Concept of differential

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Hey Mathwonk, just a quickie. When I think of a differential, it is written as y=y(t), and dy= dy/dt * dt. When I see this, I think of it as we want to deal with only the variable y. But y(t) is a function of t. So we set y=y(t), so that y is a variable by itself. As a consequence, we usually want to integrate with resepct to y. But if we take the derivative of y(t), we get dy/dt. But we want the change in y, not y(t) with respect to t, which is why we multiply by an increment of dt. This leaves a change in dy only. I know dy/dt is not a fraction, but In a sense, this is what is happening. Is this interpretation wrong? I also know that dy/dt is the slope, and multiplying it by dt, gives you the value dt away, but it seems like they are two ways of looking at the same thing.

Thanks,

Cyrus
 

mathwonk

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a differential is something is independent of the coordinates. i.e. it is rigged up to give the same answer for a path integral no matter how you parametrize the path integral.

i.e. given a path, how would you integrate a function over it? you would subdivide the path into smaller pieces, then multiply the value of the function at an endpoint of one piece by the "length" of that piece, add up and take limits,..

but what if there is no measure of "length" for paths (as on a manifold)? then you would not know what to multiply the value of your function by.


so instead we integrate "differentials". these assign a number not to a point on the path, but to a point and a tangebntnvector at that point.

now if we parametrize the path by running along it at a certain speed, we can say that the length of the path between two points is the time it took to traverse that piece.

but that changes when we go faster, i.e. going faster makes the path look shorter. but since we are integrating a differential, the differential sees the velocity vector of the parametrization, and gives a bigger number on a longer velocity vector, so it comes out even.


now if we already have a coordinate system in our space then we could use that to measure lengths of tangenht svectors. i.e. we call dx the differential that projects a vector on the x axis and takes that length.

but some other differential might act diferently, so we multiply dx by some coefficicne function like f(x)dx to get our mroe general differential.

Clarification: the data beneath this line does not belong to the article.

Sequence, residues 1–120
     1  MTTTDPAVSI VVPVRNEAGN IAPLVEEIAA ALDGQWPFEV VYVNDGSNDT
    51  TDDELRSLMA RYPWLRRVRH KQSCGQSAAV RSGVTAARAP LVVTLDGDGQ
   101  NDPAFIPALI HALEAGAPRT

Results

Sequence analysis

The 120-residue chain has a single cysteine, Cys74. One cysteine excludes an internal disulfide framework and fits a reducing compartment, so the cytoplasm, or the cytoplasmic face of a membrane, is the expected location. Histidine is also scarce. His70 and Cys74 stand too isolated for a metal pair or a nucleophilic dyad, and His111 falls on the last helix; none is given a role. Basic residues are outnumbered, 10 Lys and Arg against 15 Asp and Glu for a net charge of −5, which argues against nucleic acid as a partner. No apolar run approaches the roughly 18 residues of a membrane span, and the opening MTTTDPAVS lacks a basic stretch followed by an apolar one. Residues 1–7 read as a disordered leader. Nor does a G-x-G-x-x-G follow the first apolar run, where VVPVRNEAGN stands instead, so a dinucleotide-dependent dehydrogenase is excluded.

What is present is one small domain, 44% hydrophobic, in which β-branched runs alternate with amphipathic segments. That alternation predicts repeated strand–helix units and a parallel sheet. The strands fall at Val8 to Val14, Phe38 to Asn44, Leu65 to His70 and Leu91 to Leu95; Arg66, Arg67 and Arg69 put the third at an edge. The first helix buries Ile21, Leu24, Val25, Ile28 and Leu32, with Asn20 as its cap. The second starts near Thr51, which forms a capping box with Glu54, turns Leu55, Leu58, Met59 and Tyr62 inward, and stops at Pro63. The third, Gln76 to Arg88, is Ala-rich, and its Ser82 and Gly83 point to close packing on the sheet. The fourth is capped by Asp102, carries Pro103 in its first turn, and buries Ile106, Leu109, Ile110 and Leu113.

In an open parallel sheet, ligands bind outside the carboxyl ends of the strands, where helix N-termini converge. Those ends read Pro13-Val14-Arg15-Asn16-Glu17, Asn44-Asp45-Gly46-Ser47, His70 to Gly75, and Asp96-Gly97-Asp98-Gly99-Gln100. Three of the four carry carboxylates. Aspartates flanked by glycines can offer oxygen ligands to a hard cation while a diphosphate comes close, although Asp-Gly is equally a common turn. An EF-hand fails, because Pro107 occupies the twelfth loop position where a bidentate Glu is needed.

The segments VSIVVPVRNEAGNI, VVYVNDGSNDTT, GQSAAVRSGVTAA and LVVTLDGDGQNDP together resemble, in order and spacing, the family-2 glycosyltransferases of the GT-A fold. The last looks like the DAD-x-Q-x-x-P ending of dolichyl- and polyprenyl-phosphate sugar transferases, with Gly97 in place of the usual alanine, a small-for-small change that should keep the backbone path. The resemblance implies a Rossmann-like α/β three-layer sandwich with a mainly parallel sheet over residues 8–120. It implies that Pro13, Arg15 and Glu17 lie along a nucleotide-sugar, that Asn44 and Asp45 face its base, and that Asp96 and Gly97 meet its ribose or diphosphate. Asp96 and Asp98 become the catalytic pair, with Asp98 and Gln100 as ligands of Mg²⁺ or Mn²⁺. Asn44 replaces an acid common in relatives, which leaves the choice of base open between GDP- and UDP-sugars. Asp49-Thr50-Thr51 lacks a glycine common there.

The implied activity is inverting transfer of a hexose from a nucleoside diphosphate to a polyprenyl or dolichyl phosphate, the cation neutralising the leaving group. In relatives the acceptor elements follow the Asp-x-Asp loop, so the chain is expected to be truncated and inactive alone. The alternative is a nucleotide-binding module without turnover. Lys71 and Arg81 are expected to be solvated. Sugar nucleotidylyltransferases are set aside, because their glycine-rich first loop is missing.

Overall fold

but then suppose someone changes the coordiantes from x to t. then dt is a different measure for vectors. if dt sees a vector ir does not give the same lnegth as dx does.

rather the product (dx/dt) dt does give the same length as dx does on eacxh vector.;

so injtegratinhg (dx/dt) dt over any path will give the same result as integarting dx will.

sorr this isn't so great, but these little devils are a little confusing.

e.g. consider the path to be the unit circle in the x, y plane.

If I map the unit t interval onto the circle by sending t to (cos(2pi t), sin(2pi t)), then at the point t = 0, the velocity vector is the vertical vector (0, 2pi) in the x,y plane.

this means the parametrization by polar coordinates maps the unit vector from the t interval onto this vector of length 2pi in the x, y plane.

on the other hand, if we paramnewtrize the circle by the map sending u to (cos(u),sin(u)) we get velocity vectors of length 1, but the time interval requires u=0 to u=2pi to get all the way around.

if we integrate the differential (-ydx + xdy)/(x^2 + y^2), in these two cases, it transforms into either 2pi dt, integrated from t=0 to t=1, or into du, integrated from u=0 to u = 2pi.

we get the same thing both ways, namely 2pi.

anyway, the reason dx = (dx/dt) dt, is that these two give the same answer on all velocity vectors.
 
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but what if there is no measure of "length" for paths (as on a manifold)? then you would not know what to multiply the value of your function by.
Sorry Im not smart enough to know what a manifold is. Your way above my mathematical abilities, or lackthere of.
 

mathwonk

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i'm just saying you cannot integrate a function over a circle without knowing how to measure length on the circle, but you can integrate a differential.

a circle is an example of a manifold. a manifold is a curved space that is smooth everywhere.
 

mathwonk

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the reason dx = dx/dt dt, is the same reason that the number of feet in a certain length, equals the number of inches in that same lnegth times the number of feet in an inch, i.e. times 1/12.

i.e. if t is inches and x is feet then dx/dt = 1/12 = no. feet per inch, and

dx = no. feet, and dt = no. inches, and so dx = (dx/dt) dt.
 
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mathwonk said:
the reason dx = dx/dt dt, is the same reason that the number of feet in a certain length, equals the number of inches in that same lnegth times the number of feet in an inch, i.e. times 1/12.

i.e. if t is inches and x is feet then dx/dt = 1/12 = no. feet per inch, and

dx = no. feet, and dt = no. inches, and so dx = (dx/dt) dt.
Ok good, so I did have the concept right then. I thought of it as the rate of change of x W.R.T t, but we want only the change in x, so we multiply by change in t, to get just the change in x.

Your post makes sense, thanks MathWonk, you never cease to amaze me. :biggrin:
 
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mathwonk

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you are very kind. i appreciate it.
 
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hey, you dont have to take time out of your day to give me free advice. Most people wouldent do such a thing. ( I cant believe I forgot about limits, yikes thats scarry).
 

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